Now that the New Year is underway, it's time to stick to those resolutions you promised to keep. And if you're like the many Americans who made resolutions of the financial sort, now is the time to develop a realistic game plan.
According to Fidelity Investments' fifth annual New Year Financial Resolutions Study*, a record number of Americans made financial resolutions in 2013. More than half (54 percent) of us resolved to save more, spend less and improve our financial habits, up from 46 percent last year and 35 percent in 2009.
Of course, resolutions are easier to make than keep, and old habits tend to die hard. But there are actions we can all take over the next eleven months to help lay a foundation for long-term financial wellbeing, and strengthen our resolve incrementally over time.
The shift to thrift
So what are Americans' top financial priorities?
According to Fidelity's study, more than half (54 percent) of us listed "saving more money" as our top resolution. "Paying off debt" was second at 24 percent, followed by "spending less money" at 19 percent. This shift toward thrift comes as no surprise. It is a continuation of a trend that started among American consumers following the economic recession of 2008-09. Over the past year, the U.S. personal savings rate grew to 4.9 percent, up from 2.9 percent in 2007**.
Equally interesting, consumers are now saving for short-term expenses (e.g., vacation, major purchases and emergency funds) as well as long-term priorities (e.g., retirement, college funding). While long-term planning still prevails (53 percent vs. 39 percent), the gap is shrinking, which suggests Americans are better able to plan and save for major discretionary purchases than they were several years ago.
This is cause for celebration, since establishing a balance between long and short-term planning is important and keeps us on track. To maintain the balance, it can be helpful to break goals down into month-by-month steps and monitor progress throughout the year. Survey respondents cited this as one of the most effective ways to achieve financial resolutions.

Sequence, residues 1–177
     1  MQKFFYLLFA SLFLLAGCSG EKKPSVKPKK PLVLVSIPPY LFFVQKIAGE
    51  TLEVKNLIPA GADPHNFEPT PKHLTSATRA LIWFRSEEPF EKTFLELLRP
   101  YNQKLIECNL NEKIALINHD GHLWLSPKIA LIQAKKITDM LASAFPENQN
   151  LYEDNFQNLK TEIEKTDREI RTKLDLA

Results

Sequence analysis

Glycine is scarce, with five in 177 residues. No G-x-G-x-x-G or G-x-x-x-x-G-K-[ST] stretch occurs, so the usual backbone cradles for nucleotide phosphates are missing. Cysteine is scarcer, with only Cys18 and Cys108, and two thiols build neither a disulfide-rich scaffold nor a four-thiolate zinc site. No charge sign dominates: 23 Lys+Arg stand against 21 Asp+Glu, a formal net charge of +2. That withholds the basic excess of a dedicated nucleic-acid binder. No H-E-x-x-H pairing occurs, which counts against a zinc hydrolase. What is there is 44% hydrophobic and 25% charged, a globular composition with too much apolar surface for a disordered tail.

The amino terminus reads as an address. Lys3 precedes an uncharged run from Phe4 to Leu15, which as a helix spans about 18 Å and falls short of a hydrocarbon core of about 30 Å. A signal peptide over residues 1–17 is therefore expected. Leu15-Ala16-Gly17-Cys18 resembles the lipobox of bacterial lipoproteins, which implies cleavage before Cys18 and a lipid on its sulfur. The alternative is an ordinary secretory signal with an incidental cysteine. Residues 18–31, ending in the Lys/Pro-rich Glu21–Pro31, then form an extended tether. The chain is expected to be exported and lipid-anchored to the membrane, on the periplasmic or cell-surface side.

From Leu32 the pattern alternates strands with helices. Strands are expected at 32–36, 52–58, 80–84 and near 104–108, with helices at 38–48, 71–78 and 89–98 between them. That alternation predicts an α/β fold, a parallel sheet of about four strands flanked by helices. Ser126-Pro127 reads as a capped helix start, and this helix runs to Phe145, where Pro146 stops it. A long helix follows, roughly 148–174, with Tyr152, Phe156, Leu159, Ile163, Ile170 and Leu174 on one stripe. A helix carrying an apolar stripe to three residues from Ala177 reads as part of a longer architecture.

For best results, begin the planning process right away. Here is a sample month-by-month breakdown to get you started:
- This Month (January) - Identify new sources of savings. The most important thing you can do to achieve both short and long-term goals is to create a budget. Begin by pinpointing your essential and discretionary monthly expenses and then compare them to your income. Review this information and see if you can cut costs, pay down debt or save more. If you haven't already done so, create a liquid emergency fund of at least three to six months' salary to cover expenses in a pinch.
- February - Focus on retirement. Make sure you are saving as much as possible -- at least enough to take advantage of any matching contributions offered by your savings plan at work. Also take time to check out your portfolio's asset allocation to make sure you have the right mix of assets to meet your goals. Younger investors should pay close attention to whether their portfolio is too conservatively invested, since this can limit long-term growth potential.